December 7, 2017  |  Vol. 4 No. 49
Holiday Giving with Intention and Thoughtfulness
A note from our Holiday Giving Team & Rev. Justin:

Holiday Giving Team members Jacoby Daniels, Sue Searing, and Lukas Udstuen
(not pictured: Lena Vdakes)

We invite everyone, young and old, to celebrate the holiday season as we deepen our church's commitment to racial equity and community building. Your generous contribution to the Holiday Giving project will support Marnita's Table, a nonprofit organization that partners with neighborhood groups, government agencies, schools, and faith communities to bridge gaps across differences.  

On December 17 our worship services will feature the ritual gathering in of our gifts. If you can't be with us on the 17th, you may contribute by online payment, by check (payable to "First Universalist Church" with "Holiday Giving" on the memo line), or by dropping a donation into the jar in the social hall after services. 

Many of you heard Marnita Schroedl at services on November 26, when Rev. Justin Schroeder shared his sermon time with her (listen to the podcast). Describing her personal journey and the principles that drive the organization, Marnita gave examples of Intentional Social Interaction (IZI) that led directly to policy changes with practical outcomes. In response to Justin's provocative questions, including "What is love's vision for this world?" she talked about Marnita's Table's mission to make IZI the new pattern for society. She envisioned a society where people of color, the disenfranchised, the poor, the unheard, the fragile, the LGBTQ+, the traditionally unheard and excluded are all actively and intentionally included and valued at the policy-making and resource-sharing table. She explained how the tools and techniques that Marnita's Table has developed and tested are already moving us toward that future.

Many listeners were exhilarated by Marnita's vision. The Holiday Giving Team also heard feedback from a few church members that her remarks seemed to dismiss or shame other approaches to social change, particularly active forms of resistance and protest. We are grateful for this feedback and asked Marnita to clarify her comments. She responded, "We know that direct action is critical to the success of moving forward into a more just future," and confirmed her support for active means of protest.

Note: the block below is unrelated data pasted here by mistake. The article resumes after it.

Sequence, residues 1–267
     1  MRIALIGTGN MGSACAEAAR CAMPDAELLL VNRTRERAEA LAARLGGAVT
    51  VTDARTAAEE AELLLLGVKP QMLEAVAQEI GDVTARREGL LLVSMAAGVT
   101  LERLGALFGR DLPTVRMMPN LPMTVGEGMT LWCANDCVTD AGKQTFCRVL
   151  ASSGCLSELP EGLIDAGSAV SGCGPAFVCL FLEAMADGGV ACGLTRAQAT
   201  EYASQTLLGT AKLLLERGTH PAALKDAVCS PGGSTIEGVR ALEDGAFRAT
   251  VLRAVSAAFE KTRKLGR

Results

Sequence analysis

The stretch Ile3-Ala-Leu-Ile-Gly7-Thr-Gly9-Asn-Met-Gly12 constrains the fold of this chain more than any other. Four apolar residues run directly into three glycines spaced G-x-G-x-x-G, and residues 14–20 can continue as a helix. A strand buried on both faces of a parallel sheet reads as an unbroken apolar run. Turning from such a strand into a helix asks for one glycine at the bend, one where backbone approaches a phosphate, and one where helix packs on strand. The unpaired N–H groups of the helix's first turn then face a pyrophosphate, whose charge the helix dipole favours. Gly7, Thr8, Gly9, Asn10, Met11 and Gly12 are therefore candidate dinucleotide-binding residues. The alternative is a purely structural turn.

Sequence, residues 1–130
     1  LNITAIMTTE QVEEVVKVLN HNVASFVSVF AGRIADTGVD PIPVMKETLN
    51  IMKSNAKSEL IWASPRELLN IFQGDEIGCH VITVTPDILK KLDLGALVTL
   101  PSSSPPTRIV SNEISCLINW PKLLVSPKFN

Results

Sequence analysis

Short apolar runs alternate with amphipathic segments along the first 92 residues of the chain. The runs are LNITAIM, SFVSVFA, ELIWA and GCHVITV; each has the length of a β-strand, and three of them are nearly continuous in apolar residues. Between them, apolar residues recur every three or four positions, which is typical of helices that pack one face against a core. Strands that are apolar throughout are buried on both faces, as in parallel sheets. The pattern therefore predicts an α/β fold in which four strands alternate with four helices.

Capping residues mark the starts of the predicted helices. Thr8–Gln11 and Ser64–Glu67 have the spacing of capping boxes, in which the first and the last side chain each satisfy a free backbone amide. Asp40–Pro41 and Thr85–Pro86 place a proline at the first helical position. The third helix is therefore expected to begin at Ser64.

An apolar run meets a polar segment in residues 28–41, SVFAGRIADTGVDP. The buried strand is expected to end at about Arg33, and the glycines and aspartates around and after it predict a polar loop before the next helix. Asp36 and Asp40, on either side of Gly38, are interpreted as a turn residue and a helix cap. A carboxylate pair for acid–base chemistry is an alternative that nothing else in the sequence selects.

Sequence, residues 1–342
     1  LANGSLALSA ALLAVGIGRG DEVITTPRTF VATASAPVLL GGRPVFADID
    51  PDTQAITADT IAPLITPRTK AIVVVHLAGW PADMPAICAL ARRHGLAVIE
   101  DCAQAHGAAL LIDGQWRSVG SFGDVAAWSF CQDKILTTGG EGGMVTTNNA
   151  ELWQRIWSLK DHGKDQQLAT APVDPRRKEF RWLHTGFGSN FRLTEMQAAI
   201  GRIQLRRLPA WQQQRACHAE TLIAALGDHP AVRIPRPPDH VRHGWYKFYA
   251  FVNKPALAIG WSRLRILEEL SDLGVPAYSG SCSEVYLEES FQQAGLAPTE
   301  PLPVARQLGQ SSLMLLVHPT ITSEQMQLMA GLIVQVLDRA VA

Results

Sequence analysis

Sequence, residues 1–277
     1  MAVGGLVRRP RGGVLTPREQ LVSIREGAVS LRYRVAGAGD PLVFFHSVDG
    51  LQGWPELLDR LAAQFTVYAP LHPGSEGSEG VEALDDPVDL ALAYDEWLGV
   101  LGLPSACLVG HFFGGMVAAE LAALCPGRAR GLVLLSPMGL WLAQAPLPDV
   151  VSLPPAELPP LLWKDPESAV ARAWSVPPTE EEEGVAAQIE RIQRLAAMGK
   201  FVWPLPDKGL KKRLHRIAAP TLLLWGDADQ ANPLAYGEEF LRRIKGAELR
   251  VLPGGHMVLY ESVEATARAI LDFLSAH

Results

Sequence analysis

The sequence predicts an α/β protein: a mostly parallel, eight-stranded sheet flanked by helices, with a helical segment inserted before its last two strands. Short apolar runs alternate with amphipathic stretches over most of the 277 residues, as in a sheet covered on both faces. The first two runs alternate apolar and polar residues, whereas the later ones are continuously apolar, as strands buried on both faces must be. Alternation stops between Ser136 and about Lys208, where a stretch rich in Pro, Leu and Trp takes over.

"To engage in direct action or not does not feel like something that is optional for me and my [mostly POC] staff," Marnita told us. "It has been a matter of survival literally since our births. But we envision a future in which our voices and inherent humanity are valued and included without having to risk our lives." Marnita's Table is intently focused on decreasing disparities and increasing equality by practicing and promoting Intentional Social Interaction. As they carry on this important work, Marnita and her colleagues acknowledge that only when many dedicated people work in myriad ways to inspire widespread social change will we achieve a just society that welcomes everyone to the table.  

Want to learn more? Representatives of Marnita's Table will be available in the social hall after the December 10 worship services. In addition, you'll find information about the Holiday Giving project on the church website. We've just posted brief recordings by three Holiday Giving team members, each offering a unique perspective (scroll down to find the audio links by each of their photos). If you have questions or want to help out, please contact us at

In faith,

The Holiday Giving Team
Sue Searing, Lukas Udstuen, Jacoby Daniels, and Lena Vdakes

Rev. Justin Schroeder
Calling All Ages to Make a Holiday Gift